The Cavendish Psychotherapy Practice on Harley Street, Central London offers professional psychotherapy and counselling for those struggling with difficult and overwhelming emotional difficulties.

0207 371 3940.


Psychotherapy and Employee Absence

Research Shows Psychotherapy can Help Lower Work Absence

Research has recently been undertaken using information taken from employee assistant programmes. It reveals that 52% of those surveyed said that without the help and support received from counselling and psychotherapy professionals their concerns would have caused them to miss work. The research also showed that only 17% felt that their ability to cope with their job was ‘good’ or ‘very good’ before they had counselling whilst 64%  said it was after counselling.

4213 employees from a range of businesses were questioned regarding the effects of the psychotherapy they received upon their capacity to work well and efficiently. However, it was also found that there was a knock on effect to the counselling. Those surveyed reported a positive effect upon their personal lives, with 9% saying that their personal life was ‘good’ or ‘very good’ before the psychotherapy, but with 57% saying that was the case after counselling. 

Relationships with work colleagues also improved with 23% stating that they were ‘poor’ before psychotherapy, but only 2% afterwards. 

Unconscious thoughts and feelings concerned with our lives and experiences can affect how we feel about and experience our work and relationships. Psychotherapy and counselling can help you gain a better understanding of why you may be finding life and work dissatisfying. The psychotherapists at The Cavendish Psychotherapy Practice in London can help guide your exploration which can lead to a better sense of well being.

Quarter Life Crisis and Psychotherapy Counselling

Psychotherapy Can Help with Those Suffering a ‘Quarter Life Crisis’

The term ‘Mid Life Crisis’ has traditionally been applied to stresses and difficulties experienced by people in their 40’s. Research now shows that young people in their 20’s to 30’s are suffering the same symptoms previously felt by those in their mid 40’s, those of insecurity, disappointment, loneliness and depression and this has come to be termed ‘Quarter Life Crisis’. Often happening soon after the person enters the ‘real world’ of work, educated professionals appear to be worst effected.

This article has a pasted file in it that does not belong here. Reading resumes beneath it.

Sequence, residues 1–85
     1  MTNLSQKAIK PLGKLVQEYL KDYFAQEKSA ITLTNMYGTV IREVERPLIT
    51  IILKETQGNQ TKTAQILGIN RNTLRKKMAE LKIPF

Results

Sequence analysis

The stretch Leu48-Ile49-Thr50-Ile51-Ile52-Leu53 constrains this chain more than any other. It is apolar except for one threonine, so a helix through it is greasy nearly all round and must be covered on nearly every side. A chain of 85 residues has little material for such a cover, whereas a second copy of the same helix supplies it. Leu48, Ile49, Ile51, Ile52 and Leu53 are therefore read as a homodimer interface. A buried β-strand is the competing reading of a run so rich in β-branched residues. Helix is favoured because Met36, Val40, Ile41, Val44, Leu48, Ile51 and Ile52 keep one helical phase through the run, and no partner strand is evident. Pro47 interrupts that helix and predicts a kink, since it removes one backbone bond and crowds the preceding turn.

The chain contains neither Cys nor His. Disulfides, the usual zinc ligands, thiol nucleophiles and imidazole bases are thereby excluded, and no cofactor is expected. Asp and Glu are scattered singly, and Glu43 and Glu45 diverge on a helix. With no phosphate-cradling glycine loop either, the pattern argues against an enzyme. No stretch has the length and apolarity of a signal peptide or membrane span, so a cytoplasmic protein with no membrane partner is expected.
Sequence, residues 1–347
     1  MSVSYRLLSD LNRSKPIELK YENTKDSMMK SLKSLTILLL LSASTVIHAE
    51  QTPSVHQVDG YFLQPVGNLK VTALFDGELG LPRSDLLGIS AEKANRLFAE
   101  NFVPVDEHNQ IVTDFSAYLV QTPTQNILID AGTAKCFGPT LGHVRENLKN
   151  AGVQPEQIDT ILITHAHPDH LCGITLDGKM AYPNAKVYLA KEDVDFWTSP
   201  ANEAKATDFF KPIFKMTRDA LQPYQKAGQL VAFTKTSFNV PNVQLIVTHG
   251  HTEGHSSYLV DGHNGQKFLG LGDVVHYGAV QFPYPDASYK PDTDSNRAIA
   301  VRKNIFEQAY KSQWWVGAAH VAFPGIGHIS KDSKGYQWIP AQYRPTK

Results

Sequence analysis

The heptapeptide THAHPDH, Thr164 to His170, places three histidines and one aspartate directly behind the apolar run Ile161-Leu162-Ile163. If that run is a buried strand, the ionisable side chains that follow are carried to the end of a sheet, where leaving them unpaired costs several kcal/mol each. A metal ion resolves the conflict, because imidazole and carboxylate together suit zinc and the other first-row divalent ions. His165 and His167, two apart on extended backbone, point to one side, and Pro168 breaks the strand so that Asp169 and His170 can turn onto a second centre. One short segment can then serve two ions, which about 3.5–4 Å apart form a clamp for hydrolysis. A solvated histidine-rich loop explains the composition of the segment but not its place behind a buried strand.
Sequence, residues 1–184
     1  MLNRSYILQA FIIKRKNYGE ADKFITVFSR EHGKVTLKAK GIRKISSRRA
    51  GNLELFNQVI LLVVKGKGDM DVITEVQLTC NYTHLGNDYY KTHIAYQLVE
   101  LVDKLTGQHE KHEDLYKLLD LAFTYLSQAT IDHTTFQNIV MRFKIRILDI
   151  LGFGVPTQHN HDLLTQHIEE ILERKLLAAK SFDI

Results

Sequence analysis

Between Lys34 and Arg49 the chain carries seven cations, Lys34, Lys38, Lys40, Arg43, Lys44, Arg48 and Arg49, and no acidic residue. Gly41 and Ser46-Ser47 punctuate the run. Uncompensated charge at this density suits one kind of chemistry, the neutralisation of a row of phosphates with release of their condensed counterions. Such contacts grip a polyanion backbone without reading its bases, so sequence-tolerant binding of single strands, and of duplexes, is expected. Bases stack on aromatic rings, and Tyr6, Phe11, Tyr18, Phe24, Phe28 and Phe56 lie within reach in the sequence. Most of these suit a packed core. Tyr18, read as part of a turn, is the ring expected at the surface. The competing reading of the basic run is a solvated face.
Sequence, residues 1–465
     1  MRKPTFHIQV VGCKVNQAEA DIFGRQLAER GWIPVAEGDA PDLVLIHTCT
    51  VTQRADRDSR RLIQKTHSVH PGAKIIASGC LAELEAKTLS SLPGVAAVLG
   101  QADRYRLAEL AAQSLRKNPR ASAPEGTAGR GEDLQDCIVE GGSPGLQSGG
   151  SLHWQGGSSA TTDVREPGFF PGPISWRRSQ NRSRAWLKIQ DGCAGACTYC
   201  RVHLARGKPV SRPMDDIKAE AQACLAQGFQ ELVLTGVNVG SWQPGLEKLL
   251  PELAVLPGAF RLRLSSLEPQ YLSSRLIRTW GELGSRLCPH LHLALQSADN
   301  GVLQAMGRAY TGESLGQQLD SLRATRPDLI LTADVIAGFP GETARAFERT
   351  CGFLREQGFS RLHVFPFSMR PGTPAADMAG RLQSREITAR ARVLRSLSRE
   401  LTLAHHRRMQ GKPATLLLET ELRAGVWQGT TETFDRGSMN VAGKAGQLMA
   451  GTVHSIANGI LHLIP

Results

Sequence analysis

“Quarterlife crises don’t happen literally a quarter of the way through your life,” said lead researcher Dr Oliver Robinson, from the University of Greenwich in London. “They occur a quarter of your way through adulthood, in the period between 25 and 35, although they cluster around 30.”

Instead of enjoying the early years of a career or relationships, free from morgages or marriage responsibilities, sufferers find themselves struggling to cope with anxieties about jobs, unemployment, debt and relationships.

A survey undertaken on Gumtree in collaboration with this research highlighted that 86% of the 1100 young pople questioned admitted to feeling under pressure to be successful in their relationships, careers and finances before they reach 30.

In this survey, two in five were worried about money, saying they did not earn enough, and 32% felt under pressure to marry and have children by the age of 30. 6% were planning to emigrate, while 21% wanted a complete career change.

Changes in the job market, finding it hard to find a satisfying career whilst battling many other graduates in a similar situation, house prices and the difficulty in getting a morgage, pressures to maintain sucessful relationships both with friends and romanticly, debt accumulated in order to finance education and accomodation all add to feelings of insecurity and a relentless up hill struggle.

Feelings of being trapped or things being hopeless can feel overwhelming, but talking to a psychotherapist at The Cavendish Psychotherapy Practice in London about these feelings and what they mean can help you work through  them and gain a clarity and understanding, enabling you to feel more in control.

Stressed Out London Needs Psychotherapy

Londoners are the most stressed out people in Europe, figures out today confirm.

In a recent survey undertaken by the airline, EasyJet, London was found to be the most stressed out city in Europe.

1000 UK residents were asked to identify the most stressed European capital cities and the results showed that 57% put London at the top.

The reasons for this are varied but some that have been put forward in this survey are the long working hours and inclement weather. However, 40% said that the greatest cause of stress was money worries and the rising cost of living.